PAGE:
Are Little Green Cars just another band in the ever growing country-rock genre? Tom Ingham finds out
Soup Kitchen, Manchester.
Hailing from Dublin, Little Green Cars are a country rock band nowhere near as naff as that label sounds. Capturing public attention and more importantly radio airtime with their single ‘The John Wayne’, they managed to convincingly fill out Manchester’s swanky Soup Kitchen.
Playing a relatively short set, under an hour in fact, Little Green Cars certainly left no-one wondering what their secret weapon was. The band is blessed in the Fleetwood Mac sense that they have two independently strong male and female vocalists, and as a collective they pull off some really tight, soulful harmonies. Although these harmonies will inevitably attract Mumford and Sons comparisons, this really is a disservice to a band with much more charisma; the vocals evoke a lovely Fleet Foxes soothing quality, but with more of a punch.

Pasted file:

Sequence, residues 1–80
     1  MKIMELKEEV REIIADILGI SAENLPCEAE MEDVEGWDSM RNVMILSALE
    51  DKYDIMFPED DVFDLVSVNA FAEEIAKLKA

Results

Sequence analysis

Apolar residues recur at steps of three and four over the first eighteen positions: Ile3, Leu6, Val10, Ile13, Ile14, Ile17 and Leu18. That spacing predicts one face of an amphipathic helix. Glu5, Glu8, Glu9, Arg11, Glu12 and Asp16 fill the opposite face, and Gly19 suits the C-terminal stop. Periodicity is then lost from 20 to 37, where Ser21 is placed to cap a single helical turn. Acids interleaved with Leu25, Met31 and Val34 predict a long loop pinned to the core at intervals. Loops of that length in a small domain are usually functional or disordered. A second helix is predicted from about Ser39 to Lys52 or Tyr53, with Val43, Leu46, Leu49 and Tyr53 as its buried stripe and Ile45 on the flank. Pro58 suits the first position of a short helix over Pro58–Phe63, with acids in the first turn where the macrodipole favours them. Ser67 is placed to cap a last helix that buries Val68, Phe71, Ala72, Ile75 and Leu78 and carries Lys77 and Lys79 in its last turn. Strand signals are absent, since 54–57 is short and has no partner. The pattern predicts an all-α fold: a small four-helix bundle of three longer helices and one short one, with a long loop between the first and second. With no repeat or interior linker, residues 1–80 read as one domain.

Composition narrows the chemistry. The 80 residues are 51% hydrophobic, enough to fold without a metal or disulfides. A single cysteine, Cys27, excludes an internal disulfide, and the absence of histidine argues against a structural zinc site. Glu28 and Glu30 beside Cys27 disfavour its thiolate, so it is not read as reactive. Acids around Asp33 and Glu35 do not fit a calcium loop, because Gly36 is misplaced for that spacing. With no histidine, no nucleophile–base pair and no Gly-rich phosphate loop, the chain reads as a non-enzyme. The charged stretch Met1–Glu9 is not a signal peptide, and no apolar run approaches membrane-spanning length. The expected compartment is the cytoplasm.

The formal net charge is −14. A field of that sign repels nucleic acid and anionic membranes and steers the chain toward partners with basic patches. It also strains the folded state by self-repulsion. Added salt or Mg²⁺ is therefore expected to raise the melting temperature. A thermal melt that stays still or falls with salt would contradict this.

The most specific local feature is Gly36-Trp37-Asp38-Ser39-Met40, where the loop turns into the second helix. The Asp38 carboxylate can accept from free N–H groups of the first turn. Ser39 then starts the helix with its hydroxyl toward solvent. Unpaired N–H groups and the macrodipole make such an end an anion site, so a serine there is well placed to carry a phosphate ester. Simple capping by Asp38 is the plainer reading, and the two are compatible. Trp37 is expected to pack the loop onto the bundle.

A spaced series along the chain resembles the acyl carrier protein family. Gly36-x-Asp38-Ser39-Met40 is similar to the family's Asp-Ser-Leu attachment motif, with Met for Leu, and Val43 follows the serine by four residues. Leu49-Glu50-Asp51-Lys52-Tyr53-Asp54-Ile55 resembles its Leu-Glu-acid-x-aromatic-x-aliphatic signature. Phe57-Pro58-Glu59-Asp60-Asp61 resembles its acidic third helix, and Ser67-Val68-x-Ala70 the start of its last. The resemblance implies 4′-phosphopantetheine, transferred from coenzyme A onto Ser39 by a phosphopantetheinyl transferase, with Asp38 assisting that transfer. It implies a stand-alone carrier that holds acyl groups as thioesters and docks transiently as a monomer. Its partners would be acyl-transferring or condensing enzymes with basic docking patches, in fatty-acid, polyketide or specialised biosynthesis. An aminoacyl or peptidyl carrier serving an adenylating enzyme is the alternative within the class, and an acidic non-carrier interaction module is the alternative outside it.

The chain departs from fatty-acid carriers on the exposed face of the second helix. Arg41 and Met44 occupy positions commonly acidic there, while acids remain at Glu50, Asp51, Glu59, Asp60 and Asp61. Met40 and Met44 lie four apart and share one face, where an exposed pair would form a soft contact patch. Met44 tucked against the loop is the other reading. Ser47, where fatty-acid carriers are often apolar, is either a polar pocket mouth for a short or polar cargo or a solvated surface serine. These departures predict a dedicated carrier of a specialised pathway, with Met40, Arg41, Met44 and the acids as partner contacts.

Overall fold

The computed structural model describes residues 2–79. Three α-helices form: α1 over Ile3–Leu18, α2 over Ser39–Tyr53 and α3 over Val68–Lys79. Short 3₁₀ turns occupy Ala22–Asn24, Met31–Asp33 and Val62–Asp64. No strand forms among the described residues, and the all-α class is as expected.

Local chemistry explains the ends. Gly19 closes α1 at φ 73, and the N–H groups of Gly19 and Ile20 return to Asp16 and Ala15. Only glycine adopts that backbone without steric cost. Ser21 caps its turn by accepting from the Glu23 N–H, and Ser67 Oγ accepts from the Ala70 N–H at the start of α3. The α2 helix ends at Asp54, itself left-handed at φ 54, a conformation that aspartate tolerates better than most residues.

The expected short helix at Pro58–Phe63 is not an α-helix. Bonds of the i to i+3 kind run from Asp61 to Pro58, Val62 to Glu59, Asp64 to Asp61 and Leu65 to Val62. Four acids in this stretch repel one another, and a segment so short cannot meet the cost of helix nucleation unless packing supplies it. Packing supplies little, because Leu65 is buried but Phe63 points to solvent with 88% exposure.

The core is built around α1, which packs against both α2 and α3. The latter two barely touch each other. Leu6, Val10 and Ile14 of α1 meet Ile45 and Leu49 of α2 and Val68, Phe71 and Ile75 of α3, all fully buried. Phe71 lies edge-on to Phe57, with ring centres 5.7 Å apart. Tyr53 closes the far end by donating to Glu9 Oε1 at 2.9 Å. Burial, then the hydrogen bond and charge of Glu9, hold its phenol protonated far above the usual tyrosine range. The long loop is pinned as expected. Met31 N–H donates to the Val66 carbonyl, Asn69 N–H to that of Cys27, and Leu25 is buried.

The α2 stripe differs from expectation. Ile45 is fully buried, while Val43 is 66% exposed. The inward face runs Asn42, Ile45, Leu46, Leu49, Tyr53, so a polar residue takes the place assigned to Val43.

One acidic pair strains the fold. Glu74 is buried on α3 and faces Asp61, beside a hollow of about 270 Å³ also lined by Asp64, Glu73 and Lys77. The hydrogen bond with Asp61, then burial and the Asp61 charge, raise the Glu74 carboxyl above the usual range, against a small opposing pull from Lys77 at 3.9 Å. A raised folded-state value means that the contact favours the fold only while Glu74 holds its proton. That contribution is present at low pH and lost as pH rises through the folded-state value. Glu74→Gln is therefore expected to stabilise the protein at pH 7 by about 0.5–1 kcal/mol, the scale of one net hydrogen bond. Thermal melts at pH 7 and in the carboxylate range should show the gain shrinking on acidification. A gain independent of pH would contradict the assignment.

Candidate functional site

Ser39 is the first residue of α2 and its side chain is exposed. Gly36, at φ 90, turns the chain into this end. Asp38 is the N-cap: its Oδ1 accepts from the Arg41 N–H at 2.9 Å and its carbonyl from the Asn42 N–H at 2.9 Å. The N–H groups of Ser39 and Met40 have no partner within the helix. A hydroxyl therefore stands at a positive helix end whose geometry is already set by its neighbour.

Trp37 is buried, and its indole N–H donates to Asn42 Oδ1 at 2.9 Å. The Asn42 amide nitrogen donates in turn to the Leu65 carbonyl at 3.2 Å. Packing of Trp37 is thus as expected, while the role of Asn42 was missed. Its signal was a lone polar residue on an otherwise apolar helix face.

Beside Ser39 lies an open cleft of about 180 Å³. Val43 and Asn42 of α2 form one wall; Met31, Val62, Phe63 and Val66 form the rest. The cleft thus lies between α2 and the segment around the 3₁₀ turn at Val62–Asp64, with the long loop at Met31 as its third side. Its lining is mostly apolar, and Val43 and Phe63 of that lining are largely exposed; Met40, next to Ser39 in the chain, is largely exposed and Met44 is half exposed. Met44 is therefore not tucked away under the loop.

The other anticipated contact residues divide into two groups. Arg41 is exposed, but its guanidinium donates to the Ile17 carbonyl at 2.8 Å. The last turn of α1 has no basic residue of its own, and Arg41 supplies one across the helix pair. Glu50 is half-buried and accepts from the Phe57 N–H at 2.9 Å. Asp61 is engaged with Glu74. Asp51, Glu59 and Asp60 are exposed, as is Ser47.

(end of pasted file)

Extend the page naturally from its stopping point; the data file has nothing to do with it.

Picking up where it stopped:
I feel that on occasion they do rely heavily on the harmonies to lift somewhat middle of the road songs. And with a lack of stage presence sometimes one can find their concentration wondering. Although Faye O’Rourke’ solo vocal performances mesmerize, with a touch of the Patti Smith about them, bringing across a real sense of emotion in her delivery.
Little Green Cars managed to vary their short set with enchanting a cappella moments, intense acoustic tracks and energetic kick ins. Predictably ‘Harper Lee’ and ‘The John Wayne’ are the highlights of the set, showing off a perfect blend of all the bands qualities. Sadly, I feel they are entering a rather saturated market and although they deserve further recognition I can’t help but feel I’ve heard a lot of the same before. Nevertheless if you’re sick of Mumford and Sons and you feel Band of Horses have gone off the boil, step forward Little Green Cars.